Many groups around the world are devoted to realizing the vision of a fully integrated quantum photonic system, including the integration of laser sources [27,28] and single photon detectors ; however, there are a number of steps required to make this vision a reality. Here we demonstrated, for the first time, an ultracompact quantum splitter for degenerate single photons based on a monolithic chip incorporating a Sagnac loop and a microring resonator. The device is compatible with current CMOS technology and has a footprint 50 times smaller than the previous published results, generating and deterministically splitting degenerate photon pairs using time-reversed HOM interference. We observed an off-chip HOM dip visibility of , indicating that this degenerate pair photon source is in a suitable state for further quantum information processing. This takes us one step further toward a fully integrated quantum photonic system.
Australian Research Council (ARC) (CE110001018, DE120100226, DE130101148, FL120100029).
1. N. Gisin and R. Thew, Nat. Photonics 1, 165 (2007). [CrossRef]
2. L. Grover, Phys. Rev. Lett. 95, 150501 (2005). [CrossRef]
3. A. Politi, J. Matthews, and J. O’Brien, Science 325, 1221 (2009). [CrossRef]
4. A. Politi, M. J. Cryan, J. G. Rarity, S. Yu, and J. L. O’Brien, Science 320, 646 (2008). [CrossRef]
5. D. Bouwmeester, J.-W. Pan, M. Daniell, H. Weinfurter, and A. Zeilinger, Phys. Rev. Lett. 82, 1345 (1999). [CrossRef]
6. A. Aspuru-Guzik and P. Walther, Nat. Phys. 8, 285 (2012). [CrossRef]
7. D. Höckel, L. Koch, and O. Benson, Phys. Rev. A 83, 013802 (2011). [CrossRef]
8. J. Sharping, K. Lee, M. Foster, A. Turner, B. Schmidt, M. Lipson, A. Gaeta, and P. Kumar, Opt. Express 14, 12388 (2006). [CrossRef]
9. K. Harada, H. Takesue, H. Fukuda, T. Tsuchizawa, T. Watanabe, K. Yamada, Y. Tokura, and S. Itabashi, IEEE J. Sel. Top. Quantum Electron. 16, 325 (2010). [CrossRef]
10. C. Xiong, C. Monat, A. S. Clark, C. Grillet, G. D. Marshall, M. J. Steel, J. Li, L. O’Faolain, T. Krauss, J. Rarity, and B. Eggleton, Opt. Lett. 36, 3413 (2011). [CrossRef]
11. J. He, A. S. Clark, M. J. Collins, J. Li, T. F. Krauss, B. J. Eggleton, and C. Xiong, Opt. Lett. 39, 3575 (2014). [CrossRef]
12. Y. Guo, W. Zhang, S. Dong, Y. Huang, and J. Peng, Opt. Lett. 39, 2526 (2014). [CrossRef]
13. J. Fan, A. Migdall, and L. Wang, Opt. Lett. 30, 3368 (2005). [CrossRef]
14. J. Chen, K. Lee, C. Liang, and P. Kumar, Opt. Lett. 31, 2798 (2006). [CrossRef]
15. J. Chen, K. Lee, and P. Kumar, Phys. Rev. A 76, 031804 (2007). [CrossRef]
16. L. Yang, F. Sun, N. Zhao, and X. Li, Opt. Express 22, 2553 (2014). [CrossRef]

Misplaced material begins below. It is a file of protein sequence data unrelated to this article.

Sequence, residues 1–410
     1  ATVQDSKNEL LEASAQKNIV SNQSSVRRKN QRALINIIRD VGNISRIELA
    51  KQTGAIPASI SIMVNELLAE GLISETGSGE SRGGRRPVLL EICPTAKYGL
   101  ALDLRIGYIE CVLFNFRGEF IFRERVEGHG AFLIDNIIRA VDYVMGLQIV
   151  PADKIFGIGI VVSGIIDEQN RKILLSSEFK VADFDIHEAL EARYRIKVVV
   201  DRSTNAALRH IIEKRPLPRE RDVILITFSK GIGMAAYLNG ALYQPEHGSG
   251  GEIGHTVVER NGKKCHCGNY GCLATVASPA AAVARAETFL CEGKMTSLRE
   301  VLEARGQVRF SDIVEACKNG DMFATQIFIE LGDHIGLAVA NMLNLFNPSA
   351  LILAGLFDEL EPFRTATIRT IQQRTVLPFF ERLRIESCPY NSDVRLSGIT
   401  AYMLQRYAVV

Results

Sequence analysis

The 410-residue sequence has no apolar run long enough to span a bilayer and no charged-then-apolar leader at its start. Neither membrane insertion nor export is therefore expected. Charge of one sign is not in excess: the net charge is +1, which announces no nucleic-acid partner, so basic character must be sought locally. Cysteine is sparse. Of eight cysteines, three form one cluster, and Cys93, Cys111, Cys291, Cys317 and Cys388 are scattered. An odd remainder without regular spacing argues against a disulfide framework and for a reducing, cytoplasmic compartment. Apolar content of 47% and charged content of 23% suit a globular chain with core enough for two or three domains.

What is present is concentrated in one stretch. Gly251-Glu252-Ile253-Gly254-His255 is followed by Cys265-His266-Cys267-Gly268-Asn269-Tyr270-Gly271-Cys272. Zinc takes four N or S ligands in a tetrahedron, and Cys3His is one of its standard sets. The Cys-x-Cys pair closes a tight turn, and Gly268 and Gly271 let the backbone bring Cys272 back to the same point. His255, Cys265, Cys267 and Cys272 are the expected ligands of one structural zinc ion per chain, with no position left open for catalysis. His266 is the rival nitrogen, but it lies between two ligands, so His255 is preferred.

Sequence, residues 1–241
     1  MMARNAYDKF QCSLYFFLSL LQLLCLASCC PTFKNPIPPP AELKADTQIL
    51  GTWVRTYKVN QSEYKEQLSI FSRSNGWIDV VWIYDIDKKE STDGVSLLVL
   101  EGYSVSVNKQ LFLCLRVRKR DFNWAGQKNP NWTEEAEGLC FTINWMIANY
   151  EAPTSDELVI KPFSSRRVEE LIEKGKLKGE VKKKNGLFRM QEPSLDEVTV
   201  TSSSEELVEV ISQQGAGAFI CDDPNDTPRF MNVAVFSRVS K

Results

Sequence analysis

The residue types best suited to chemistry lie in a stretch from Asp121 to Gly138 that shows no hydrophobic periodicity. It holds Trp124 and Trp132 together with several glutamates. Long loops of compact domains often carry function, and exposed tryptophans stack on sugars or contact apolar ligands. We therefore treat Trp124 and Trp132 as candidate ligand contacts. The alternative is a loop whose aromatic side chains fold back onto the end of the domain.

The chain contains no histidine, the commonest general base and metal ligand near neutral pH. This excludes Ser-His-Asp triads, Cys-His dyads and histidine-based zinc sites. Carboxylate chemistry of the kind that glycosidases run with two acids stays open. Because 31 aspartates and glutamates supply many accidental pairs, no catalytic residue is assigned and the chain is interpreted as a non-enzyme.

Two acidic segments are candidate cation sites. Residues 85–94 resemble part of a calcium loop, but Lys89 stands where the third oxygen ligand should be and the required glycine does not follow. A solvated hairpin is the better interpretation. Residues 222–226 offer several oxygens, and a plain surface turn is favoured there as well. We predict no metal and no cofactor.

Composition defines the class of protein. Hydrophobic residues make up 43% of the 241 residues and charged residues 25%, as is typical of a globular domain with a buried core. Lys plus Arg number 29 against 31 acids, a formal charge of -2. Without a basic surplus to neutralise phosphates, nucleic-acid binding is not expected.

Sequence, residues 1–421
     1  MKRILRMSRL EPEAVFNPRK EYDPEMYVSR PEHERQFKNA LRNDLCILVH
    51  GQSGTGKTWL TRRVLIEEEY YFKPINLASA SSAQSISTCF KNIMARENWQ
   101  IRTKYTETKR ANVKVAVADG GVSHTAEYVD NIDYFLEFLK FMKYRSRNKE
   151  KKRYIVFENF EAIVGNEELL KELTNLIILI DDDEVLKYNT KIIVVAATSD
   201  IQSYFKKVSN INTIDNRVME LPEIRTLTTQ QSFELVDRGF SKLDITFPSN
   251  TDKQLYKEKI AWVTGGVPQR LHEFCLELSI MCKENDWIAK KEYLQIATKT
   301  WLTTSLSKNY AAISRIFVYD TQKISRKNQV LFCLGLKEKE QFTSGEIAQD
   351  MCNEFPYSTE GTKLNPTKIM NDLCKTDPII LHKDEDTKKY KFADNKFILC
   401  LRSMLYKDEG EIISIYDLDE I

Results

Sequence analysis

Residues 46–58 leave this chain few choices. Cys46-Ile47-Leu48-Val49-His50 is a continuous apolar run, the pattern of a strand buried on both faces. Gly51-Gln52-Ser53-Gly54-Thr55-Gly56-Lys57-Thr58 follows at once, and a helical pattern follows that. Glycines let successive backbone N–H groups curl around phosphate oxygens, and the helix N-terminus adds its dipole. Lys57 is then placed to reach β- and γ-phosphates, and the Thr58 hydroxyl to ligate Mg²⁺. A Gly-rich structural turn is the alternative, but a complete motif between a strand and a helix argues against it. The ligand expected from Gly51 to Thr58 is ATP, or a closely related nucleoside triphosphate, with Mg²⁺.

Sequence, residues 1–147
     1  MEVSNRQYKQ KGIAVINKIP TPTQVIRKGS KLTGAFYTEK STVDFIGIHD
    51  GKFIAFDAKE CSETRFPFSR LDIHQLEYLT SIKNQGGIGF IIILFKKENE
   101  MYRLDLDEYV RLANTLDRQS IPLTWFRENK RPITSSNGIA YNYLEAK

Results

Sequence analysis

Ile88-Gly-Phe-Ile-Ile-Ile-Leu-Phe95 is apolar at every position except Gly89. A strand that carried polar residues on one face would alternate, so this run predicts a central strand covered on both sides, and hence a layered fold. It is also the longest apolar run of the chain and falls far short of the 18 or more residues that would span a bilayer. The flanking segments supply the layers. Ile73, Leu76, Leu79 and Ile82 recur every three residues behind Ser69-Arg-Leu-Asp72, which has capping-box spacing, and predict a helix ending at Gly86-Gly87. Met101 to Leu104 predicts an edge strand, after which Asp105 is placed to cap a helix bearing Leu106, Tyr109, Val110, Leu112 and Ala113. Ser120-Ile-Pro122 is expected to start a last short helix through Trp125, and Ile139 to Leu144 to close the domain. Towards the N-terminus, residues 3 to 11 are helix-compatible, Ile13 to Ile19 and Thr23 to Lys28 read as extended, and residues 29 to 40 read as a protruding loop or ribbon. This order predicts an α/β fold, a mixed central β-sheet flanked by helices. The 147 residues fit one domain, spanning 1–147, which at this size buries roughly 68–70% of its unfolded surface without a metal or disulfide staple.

17. J. W. Silverstone, D. Bonneau, K. Ohira, N. Suzuki, H. Yoshida, N. Iizuka, M. Ezaki, C. M. Natarajan, M. G. Tanner, R. H. Hadfield, V. Zwiller, G. D. Marshall, J. G. Rarity, J. L. O’Brien, and M. G. Thompson, Nat. Photonics 8, 104 (2013). [CrossRef]
18. H. Jin, F. M. Liu, P. Xu, J. L. Xia, M. L. Zhong, Y. Yuan, J. W. Zhou, Y. X. Gong, W. Wang, and S. N. Zhu, Phys. Rev. Lett. 113, 103601 (2014). [CrossRef]
19. S. Clemmen, K. Phan Huy, W. Bogaerts, R. Baets, P. Emplit, and S. Massar, Opt. Express 17, 16558 (2009). [CrossRef]
20. S. Azzini, D. Grassani, M. J. Strain, M. Sorel, L. G. Helt, J. E. Sipe, M. Liscidini, M. Galli, and D. Bajoni, Opt. Express 20, 23100 (2012). [CrossRef]
21. S. K. Selvaraja, W. Bogaerts, P. Dumon, D. Van Thourhout, and R. Baets, IEEE J. Sel. Top. Quantum Electron. 16, 316 (2010). [CrossRef]
22. Q. Lin, F. Yaman, and G. Agrawal, Phys. Rev. A 75, 023803 (2007). [CrossRef]
23. C. A. Husko, A. S. Clark, M. J. Collins, A. De Rossi, S. Combrié, G. Lehoucq, I. H. Rey, T. F. Krauss, C. Xiong, and B. J. Eggleton, Sci. Rep. 3, 3087 (2013).
24. V. Giovannetti, S. Lloyd, and L. Maccone, Nat. Photonics 5, 222 (2011). [CrossRef]
25. F. Morichetti, A. Canciamilla, M. Martinelli, A. Samarelli, R. M. De La Rue, M. Sorel, and A. Melloni, Appl. Phys. Lett. 96, 081112 (2010). [CrossRef]
26. F. Ladouceur and L. Poladian, Opt. Lett. 21, 1833 (1996). [CrossRef]
27. Y. Takahashi, Y. Inui, M. Chihara, T. Asano, R. Terawaki, and S. Noda, Nature 498, 470 (2013). [CrossRef]
28. T. Creazzo, E. Marchena, S. B. Krasulick, P. K. L. Yu, D. Van Orden, J. Y. Spann, C. C. Blivin, L. He, H. Cai, J. M. Dallesasse, R. J. Stone, and A. Mizrahi, Opt. Express 21, 28048 (2013). [CrossRef]
29. W. H. P. Pernice, C. Schuck, O. Minaeva, M. Li, G. N. Goltsman, A. V. Sergienko, and H. X. Tang, Nat. Commun. 3, 1325 (2012). [CrossRef]